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Indian workers win USD 20 ml settlement against US company

American Fla

New York:  Nearly 200 Indian workers, brought to the US by an American firm to repair damaged oil rigs after the Hurricane Katrina, have won a USD 20 million settlement against the company for defrauding and exploiting them, in one of the largest labour trafficking cases in US history.

The agreement has been reached to resolve numerous labour trafficking lawsuits against Signal International that was found liable by a federal jury this year for defrauding and exploiting workers it lured from India.

The Alabama-based company will also issue an apology to the Indian workers, who brought to the US to be employed as welders, pipefitters and in other positions to repair oil rigs and other facilities damaged by the 2005 hurricane.

The workers allegedly each paid the labor recruiters and a lawyer between USD 10,000 and USD 20,000 or more in recruitment fees and other costs after recruiters promised good jobs, green cards and permanent US residency for them and their families.

Most sold property or plunged their families deeply into debt to pay the fees, according to a statement yesterday from Southern Poverty Law Centre (SPLC), a civil rights law firm that spearheaded the lawsuits.

However, when the men arrived from India in 2006, they discovered that they would not receive the green cards or permanent residency that had been promised.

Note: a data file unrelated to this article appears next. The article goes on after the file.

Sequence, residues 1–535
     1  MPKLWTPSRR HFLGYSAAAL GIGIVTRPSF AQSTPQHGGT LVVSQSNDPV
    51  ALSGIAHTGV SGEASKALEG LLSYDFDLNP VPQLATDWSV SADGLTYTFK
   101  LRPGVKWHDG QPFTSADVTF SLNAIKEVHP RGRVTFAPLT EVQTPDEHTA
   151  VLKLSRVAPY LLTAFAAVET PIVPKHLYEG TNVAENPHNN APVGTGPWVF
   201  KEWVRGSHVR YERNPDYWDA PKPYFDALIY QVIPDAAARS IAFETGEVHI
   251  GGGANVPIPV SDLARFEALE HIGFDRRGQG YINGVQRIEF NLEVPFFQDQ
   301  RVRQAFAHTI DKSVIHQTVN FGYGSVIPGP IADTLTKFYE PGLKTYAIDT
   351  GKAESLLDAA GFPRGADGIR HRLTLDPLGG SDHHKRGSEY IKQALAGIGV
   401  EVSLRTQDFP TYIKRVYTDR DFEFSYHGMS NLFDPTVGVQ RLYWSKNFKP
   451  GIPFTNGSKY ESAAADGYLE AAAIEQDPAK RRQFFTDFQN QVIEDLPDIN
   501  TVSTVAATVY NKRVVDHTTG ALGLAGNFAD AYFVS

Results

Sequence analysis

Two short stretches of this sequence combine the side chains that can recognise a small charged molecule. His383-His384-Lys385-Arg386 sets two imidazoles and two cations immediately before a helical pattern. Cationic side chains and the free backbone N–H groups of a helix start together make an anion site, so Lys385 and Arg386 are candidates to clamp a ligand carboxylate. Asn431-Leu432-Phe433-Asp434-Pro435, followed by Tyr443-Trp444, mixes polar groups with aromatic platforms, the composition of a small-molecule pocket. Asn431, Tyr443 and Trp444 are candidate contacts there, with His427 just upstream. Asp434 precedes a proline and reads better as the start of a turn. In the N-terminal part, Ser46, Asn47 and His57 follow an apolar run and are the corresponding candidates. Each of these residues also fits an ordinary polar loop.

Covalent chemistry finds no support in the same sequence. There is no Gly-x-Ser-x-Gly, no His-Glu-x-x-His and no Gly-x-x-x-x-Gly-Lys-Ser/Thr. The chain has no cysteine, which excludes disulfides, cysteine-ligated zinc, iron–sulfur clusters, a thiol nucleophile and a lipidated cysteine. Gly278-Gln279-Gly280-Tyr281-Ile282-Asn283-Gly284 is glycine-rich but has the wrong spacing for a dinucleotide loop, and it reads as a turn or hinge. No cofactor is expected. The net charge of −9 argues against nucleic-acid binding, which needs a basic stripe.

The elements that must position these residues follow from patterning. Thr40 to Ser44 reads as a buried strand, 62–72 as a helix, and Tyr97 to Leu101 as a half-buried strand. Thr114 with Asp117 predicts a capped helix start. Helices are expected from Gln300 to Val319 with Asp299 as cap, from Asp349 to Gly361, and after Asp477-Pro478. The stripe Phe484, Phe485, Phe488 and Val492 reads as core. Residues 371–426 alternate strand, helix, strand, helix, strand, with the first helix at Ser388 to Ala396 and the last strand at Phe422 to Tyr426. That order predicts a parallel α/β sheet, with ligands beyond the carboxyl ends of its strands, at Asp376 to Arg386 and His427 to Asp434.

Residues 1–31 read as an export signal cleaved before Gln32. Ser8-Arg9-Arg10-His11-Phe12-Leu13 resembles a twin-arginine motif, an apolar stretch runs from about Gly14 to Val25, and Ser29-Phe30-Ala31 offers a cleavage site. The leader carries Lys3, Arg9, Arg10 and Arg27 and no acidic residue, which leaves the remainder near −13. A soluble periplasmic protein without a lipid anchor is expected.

The company also allegedly forced them each to pay USD 1,050 a month to live in “isolated, guarded labor camps” where as many as 24 men were cramped in small rooms while none of the company’s non-Indian workers were required to live in the company housing.

Signal has filed for bankruptcy protection and the agreement, once approved, would resolve the 11 lawsuits against it representing the more than 200 Indian workers.

“These workers have waited seven long years for justice. This agreement and apology from the company will allow the workers to finally move on with their lives. It also serves as a warning to companies that might exploit guest workers,” SPLC deputy legal director Jim Knoepp said.

In February, a federal jury in New Orleans awarded USD 14 million in damages to five Indian guest workers represented by the SPLC, finding that the company and its agents engaged in labor trafficking, fraud, racketeering and discrimination.

The jury also found that one of the plaintiffs was a victim of false imprisonment and retaliation. The lawsuits are among the largest labour trafficking cases in US history.

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